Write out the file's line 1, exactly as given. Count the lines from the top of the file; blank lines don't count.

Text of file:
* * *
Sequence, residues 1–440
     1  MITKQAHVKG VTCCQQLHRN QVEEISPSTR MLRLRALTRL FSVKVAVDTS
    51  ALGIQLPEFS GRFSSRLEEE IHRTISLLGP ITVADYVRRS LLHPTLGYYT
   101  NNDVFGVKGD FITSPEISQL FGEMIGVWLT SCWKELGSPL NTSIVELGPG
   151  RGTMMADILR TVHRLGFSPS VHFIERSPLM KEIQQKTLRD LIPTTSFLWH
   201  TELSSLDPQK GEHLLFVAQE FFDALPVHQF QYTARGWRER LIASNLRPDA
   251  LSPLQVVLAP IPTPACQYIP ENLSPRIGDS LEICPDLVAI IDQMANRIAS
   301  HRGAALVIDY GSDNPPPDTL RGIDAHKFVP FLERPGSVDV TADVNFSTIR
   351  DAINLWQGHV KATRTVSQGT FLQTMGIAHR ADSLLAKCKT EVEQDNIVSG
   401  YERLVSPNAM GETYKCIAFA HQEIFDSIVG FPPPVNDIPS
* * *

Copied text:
Sequence, residues 1–440